Rep. Jim Leach, R-Iowa, has proposed a bill on derivatives that Beese said takes a ‘modest approach.’ But he warned that fears in Congress of overlooking the next savings and loan crisis could lead to an overzealous response by legislators.

Perceived dangers? Come on, Dow Jones, can’t we drop the qualifier, or at least clearly attribute it to Beese? The GAO clearly had an uphill battle ahead of it, and the report hadn’t even come out yet.

“Fear” was the order of the day, as the May 18 release date approached. May 4, the AP informed us:

A much-awaited study on the controversial derivatives business proposes significantly tighter regulation of the booming market, with an eye to minimizing the potential of a financial catastrophe, sources said Wednesday.

The report by the General Accounting Office, in the works for several months, has been much feared by Wall Street banks and securities firms.

They have privately voiced concerns that the study by the GAO, the investigative arm of Congress, would lead to excessive regulation of derivatives. That would, in turn, drive the lucrative business offshore into the arms of European and other foreign bankers.

May 10, Dow Jones made clear where some ex-regulators stood on the matter:

The battle lines are forming on whether Congress should legislate new rules and safeguards for derivative financial products, and two former regulators came down firmly on the side of those who want Congress to do nothing.

‘The sky is not falling,’ declared ex-Securities and Exchange Commission Chairman Richard Breeden, now chairman of the Financial Services Group of Coopers & Lybrand, at a House subcommittee hearing attended by a batch of lobbyists anxious to ward off derivatives legislation.

Former New York Federal Reserve Bank President E. Gerald Corrigan, now with Goldman, Sachs & Co.—who not long ago warned that derivatives might be introducing new elements of risk into the financial system—joined Breeden in urging Congress to forego trying to enact reforms for derivatives.

And then the May 14 issue of The Economist really went to bat for the anti-regulatory camp, with an almost 3,000-word piece on derivatives. Here is the synopsis:

Regulators worry that huge growth in options, futures, swaps and other derivatives threatens the stability of the whole financial system. To the extent it does, regulation is warranted. But that extent is small, and otherwise the markets will judge the risks better than regulators can.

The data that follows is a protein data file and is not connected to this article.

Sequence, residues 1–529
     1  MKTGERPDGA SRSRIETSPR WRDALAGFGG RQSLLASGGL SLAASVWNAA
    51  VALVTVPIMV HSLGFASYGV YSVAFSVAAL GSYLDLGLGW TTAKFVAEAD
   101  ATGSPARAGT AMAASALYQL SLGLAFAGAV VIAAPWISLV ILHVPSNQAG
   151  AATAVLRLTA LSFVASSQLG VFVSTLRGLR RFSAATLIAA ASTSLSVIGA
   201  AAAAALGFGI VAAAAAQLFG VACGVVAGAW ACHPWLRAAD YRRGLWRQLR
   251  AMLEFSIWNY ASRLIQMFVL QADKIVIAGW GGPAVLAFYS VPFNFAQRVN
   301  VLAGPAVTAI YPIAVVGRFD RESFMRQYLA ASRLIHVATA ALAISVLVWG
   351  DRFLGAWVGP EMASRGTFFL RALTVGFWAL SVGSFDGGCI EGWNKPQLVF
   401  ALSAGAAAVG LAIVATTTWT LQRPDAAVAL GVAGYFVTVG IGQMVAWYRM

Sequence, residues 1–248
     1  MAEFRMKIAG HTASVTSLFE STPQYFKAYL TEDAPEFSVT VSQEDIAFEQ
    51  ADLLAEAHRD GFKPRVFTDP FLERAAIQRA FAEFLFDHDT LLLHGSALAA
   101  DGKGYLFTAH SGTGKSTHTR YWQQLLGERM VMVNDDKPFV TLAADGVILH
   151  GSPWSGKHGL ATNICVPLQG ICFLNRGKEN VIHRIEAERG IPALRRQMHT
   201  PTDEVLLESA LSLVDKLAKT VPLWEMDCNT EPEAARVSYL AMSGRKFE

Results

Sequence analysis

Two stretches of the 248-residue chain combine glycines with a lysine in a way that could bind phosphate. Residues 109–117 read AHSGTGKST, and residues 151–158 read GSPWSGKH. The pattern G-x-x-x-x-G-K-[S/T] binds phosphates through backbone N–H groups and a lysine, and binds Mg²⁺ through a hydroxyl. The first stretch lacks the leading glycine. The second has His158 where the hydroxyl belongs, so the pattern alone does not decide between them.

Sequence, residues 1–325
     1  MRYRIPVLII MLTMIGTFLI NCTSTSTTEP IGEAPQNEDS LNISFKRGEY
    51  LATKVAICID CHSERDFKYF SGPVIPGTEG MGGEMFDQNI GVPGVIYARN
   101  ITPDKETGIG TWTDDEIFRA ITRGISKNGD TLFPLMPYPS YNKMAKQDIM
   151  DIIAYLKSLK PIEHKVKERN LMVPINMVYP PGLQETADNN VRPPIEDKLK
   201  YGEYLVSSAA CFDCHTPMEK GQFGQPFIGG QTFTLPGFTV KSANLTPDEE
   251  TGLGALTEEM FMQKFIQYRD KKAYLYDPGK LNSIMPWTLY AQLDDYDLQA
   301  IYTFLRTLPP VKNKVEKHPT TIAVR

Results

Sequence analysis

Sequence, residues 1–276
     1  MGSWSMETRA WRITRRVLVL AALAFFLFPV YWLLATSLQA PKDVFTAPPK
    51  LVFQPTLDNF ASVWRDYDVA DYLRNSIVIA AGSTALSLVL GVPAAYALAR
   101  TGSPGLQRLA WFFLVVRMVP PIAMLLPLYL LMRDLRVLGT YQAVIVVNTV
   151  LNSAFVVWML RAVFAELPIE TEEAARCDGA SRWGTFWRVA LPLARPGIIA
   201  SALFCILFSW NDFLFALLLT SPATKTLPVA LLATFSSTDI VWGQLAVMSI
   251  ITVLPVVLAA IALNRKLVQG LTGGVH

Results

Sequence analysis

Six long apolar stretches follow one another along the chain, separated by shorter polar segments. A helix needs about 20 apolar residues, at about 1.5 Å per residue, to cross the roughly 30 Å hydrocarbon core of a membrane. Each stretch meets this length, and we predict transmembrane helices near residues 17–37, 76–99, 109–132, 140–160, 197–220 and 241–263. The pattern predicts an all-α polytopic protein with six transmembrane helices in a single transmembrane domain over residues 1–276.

The Economist took on legislators whose concern over derivatives had led to both the GAO study and a variety of legislative proposals to curb derivatives:

One reason for America’s wariness is that legislators there want to improve on a hitherto poor record of anticipating financial disasters. They failed to foresee either the thrift debacle or the collapse of the junk bond market in the 1980s. Derivatives now offer an attractive target: they are a little-understood market with very big numbers attached. But that does not necessarily make them a threat to the system. On the contrary, used properly, derivatives can spread and even reduce risk in absolute terms rather than increase it.

The piece goes on to knowingly tell us:

In fact, because derivatives contracts are a way of spreading risk, they should improve rather than damage the aggregate position of companies linked by them.

Nice theory. Too bad it turned out to be utterly wrong.

But as much resistance as there was before the report came out, it paled in comparison to the response to its publication. Then the industry, with some help from some influential federal regulators, really tore it up.

Dow Jones, May 18:

Fast on the heels of a General Accounting Office recommendation that Congress enact legislation to lessen perceived financial system risks arising from derivatives, six leading financial trade groups, including the Public Securities Association and Securities Industry Association, stated their opposition to any derivatives legislation.

Other trade groups joining the statement of opposition to legislation on derivatives were the American Bankers Association, Futures Industry Association, the Bankers Roundtable, and the International Swaps & Derivatives Association.

Elinore Longobardi is a Fellow and staff writer of The Audit, the business-press section of Columbia Journalism Review.